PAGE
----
CCB: [00:12:36] How auditoriums on the drawing board? Wait.
Emily Bello: [00:12:39] Well, exactly. And, you know, we're thinking back to our own college experiences, and that's really our frame of reference is, you know, comments like, no, taking the big survey lecture course in the large auditorium at the rite of passage, you know, and it just feels like, you know, why you go to campus and you realize that our experience of higher education and what we wanted out of it is so different from the next generation, and we have to keep them in mind because they have very different ideas about what they want and what they need, and to have the benefit of Jerome student to reach out to his peers and to have that dialogue and to get their critique, which was our harshest critique in many of our prototypes, which was fantastic because we got to adopt them. It was incredibly valuable. So we can't, you know, as members of the older generation, we can't be designing campuses for the next generation without their input and their ideas.
Doris Guerrero: [00:13:47] Yeah, and I was teaching. Right. Like when we were concurrently doing the grant. And I feel like I learned more from my students then they learned from me. I mean, so fantastic. A great opportunity. I translated my studio classes to, you know, to online totally virtual. Students from all over the world in India, China, Korea, Canada, and East Coast. And it was a really wonderful time to hear back from students and to really understand at a finer level what works, what we might, you know, what translates and what doesn't and how individuals just sort of respond to those environments differently.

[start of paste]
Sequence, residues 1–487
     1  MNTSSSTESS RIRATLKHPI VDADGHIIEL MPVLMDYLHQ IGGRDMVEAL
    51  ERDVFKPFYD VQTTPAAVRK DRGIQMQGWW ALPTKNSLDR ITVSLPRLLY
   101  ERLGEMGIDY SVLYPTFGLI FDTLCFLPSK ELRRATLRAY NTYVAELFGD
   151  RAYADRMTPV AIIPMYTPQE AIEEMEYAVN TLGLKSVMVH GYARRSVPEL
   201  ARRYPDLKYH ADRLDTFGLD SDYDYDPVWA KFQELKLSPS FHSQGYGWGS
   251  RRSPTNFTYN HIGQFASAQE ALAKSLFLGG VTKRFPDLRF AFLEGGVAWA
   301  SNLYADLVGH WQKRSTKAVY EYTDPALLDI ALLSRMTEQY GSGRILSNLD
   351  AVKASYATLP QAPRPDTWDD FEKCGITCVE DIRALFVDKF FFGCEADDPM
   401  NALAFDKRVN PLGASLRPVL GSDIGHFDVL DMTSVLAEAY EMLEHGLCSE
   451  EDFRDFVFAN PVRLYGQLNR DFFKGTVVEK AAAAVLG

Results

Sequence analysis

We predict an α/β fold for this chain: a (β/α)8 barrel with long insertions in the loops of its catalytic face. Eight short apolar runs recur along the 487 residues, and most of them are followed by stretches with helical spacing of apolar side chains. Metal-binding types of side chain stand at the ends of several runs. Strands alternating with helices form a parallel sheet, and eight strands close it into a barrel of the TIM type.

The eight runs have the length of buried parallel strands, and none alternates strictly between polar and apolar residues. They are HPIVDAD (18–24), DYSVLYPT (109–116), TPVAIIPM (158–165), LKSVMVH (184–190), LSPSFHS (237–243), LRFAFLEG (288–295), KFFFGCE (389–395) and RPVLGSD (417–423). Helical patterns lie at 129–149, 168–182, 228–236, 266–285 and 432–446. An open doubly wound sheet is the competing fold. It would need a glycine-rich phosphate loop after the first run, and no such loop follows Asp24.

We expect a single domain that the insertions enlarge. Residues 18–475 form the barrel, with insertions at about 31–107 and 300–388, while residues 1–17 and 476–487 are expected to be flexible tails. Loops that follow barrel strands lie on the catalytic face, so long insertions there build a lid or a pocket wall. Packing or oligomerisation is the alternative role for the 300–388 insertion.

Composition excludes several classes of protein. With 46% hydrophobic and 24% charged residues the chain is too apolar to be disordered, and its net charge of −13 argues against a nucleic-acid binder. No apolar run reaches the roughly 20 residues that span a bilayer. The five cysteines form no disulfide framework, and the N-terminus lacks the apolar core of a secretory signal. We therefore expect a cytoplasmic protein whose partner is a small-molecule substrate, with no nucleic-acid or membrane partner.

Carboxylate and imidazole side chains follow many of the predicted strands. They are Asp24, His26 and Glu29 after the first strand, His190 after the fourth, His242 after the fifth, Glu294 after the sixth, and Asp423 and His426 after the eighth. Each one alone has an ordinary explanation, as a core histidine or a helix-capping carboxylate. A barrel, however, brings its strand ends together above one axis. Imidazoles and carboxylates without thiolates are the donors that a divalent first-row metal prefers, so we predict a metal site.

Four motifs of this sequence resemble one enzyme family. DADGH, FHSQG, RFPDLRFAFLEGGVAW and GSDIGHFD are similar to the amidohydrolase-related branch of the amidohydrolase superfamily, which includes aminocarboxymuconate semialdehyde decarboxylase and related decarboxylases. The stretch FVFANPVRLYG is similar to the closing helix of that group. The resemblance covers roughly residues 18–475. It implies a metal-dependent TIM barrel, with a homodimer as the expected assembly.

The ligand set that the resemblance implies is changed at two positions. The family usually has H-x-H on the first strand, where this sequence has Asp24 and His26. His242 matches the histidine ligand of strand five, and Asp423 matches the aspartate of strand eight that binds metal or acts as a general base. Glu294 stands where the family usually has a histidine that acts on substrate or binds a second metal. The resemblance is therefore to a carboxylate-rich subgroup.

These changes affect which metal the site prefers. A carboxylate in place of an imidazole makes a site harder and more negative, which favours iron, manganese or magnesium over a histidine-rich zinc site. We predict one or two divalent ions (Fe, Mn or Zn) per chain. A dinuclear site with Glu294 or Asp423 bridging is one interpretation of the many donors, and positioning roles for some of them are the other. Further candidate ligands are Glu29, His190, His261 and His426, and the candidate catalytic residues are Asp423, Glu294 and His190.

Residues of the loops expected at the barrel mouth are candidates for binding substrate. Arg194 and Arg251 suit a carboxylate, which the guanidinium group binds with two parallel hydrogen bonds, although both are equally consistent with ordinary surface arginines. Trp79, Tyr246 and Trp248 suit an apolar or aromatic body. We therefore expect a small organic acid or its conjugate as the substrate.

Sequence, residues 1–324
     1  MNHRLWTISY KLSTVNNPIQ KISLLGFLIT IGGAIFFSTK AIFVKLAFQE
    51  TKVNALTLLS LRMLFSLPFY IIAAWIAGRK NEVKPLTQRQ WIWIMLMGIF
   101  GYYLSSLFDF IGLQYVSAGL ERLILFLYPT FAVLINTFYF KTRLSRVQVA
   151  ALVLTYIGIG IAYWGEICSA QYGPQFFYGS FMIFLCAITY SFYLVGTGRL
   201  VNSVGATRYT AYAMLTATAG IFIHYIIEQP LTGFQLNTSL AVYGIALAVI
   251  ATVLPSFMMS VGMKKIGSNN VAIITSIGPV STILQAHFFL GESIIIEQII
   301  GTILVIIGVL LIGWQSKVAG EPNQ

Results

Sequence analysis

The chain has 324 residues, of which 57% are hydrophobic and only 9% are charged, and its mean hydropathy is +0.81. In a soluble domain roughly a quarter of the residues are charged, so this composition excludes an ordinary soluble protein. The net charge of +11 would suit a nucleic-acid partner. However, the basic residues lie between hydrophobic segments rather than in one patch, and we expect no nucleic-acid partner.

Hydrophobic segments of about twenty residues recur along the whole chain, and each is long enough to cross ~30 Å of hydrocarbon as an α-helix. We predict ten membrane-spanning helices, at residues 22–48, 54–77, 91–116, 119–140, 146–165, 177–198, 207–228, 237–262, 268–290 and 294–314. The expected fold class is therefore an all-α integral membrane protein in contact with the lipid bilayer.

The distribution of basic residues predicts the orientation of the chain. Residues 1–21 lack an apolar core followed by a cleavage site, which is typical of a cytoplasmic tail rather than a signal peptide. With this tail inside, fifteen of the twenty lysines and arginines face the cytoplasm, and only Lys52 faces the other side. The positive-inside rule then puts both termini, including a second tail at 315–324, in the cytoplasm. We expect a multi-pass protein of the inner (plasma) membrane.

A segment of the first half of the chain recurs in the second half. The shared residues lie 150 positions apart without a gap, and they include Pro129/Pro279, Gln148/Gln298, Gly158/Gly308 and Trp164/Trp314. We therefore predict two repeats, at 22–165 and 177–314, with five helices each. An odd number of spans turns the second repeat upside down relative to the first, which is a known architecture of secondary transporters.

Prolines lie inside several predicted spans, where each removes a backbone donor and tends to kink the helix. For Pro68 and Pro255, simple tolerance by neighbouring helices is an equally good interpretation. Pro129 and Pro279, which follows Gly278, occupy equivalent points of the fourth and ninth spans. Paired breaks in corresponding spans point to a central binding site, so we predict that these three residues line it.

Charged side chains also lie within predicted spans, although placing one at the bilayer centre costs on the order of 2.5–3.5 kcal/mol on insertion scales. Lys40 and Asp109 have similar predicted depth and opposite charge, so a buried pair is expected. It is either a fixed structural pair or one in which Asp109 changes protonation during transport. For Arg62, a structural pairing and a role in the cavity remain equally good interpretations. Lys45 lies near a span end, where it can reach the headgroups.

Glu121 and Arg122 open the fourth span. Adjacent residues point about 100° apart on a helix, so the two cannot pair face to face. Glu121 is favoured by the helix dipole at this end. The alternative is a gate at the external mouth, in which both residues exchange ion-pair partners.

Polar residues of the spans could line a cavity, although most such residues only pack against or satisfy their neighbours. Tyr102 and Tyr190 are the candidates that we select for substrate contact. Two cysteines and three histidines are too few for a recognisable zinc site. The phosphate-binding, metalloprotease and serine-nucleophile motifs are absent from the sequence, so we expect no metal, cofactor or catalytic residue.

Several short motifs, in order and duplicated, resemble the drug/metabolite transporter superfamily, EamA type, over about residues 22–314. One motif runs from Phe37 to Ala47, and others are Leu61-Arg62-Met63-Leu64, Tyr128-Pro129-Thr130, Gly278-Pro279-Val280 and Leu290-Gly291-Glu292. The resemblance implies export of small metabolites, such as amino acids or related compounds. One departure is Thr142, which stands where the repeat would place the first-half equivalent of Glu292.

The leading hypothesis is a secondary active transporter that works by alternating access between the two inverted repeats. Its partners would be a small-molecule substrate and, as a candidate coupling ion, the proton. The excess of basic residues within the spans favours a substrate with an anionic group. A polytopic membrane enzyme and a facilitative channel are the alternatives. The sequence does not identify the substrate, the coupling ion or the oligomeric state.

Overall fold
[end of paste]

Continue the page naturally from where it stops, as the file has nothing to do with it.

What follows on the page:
CCB: [00:14:29] So you just raised an issue. One of the ones that I wanted to bring up, which was another one of your statements in the brief, "Technology is an equity issue". So can you speak to that a little bit? I think it's something that we're all feeling.
Doris Guerrero: [00:14:43] I can. I can say first hand experience, not all of my students had equitable access to Internet, wireless resources, robust computers, robust software. The school scrambled to support with extra laptops, get virtual licenses of software. But in all cases, it didn't work, especially if you're abroad or if you just don't have that wireless. So I think it translated, you know, also in terms of connecting online, if you can't have your camera on, then you can't participate in an equitable way. Where everyone's smiling and having a great old time and half of the conversation dismissed. In many cases, our conversations were recorded and kept for posterity, but that person wasn't able to participate initially. So I would say just off the bat, I personally experienced that firsthand. Emily, do you want to add anything else to that?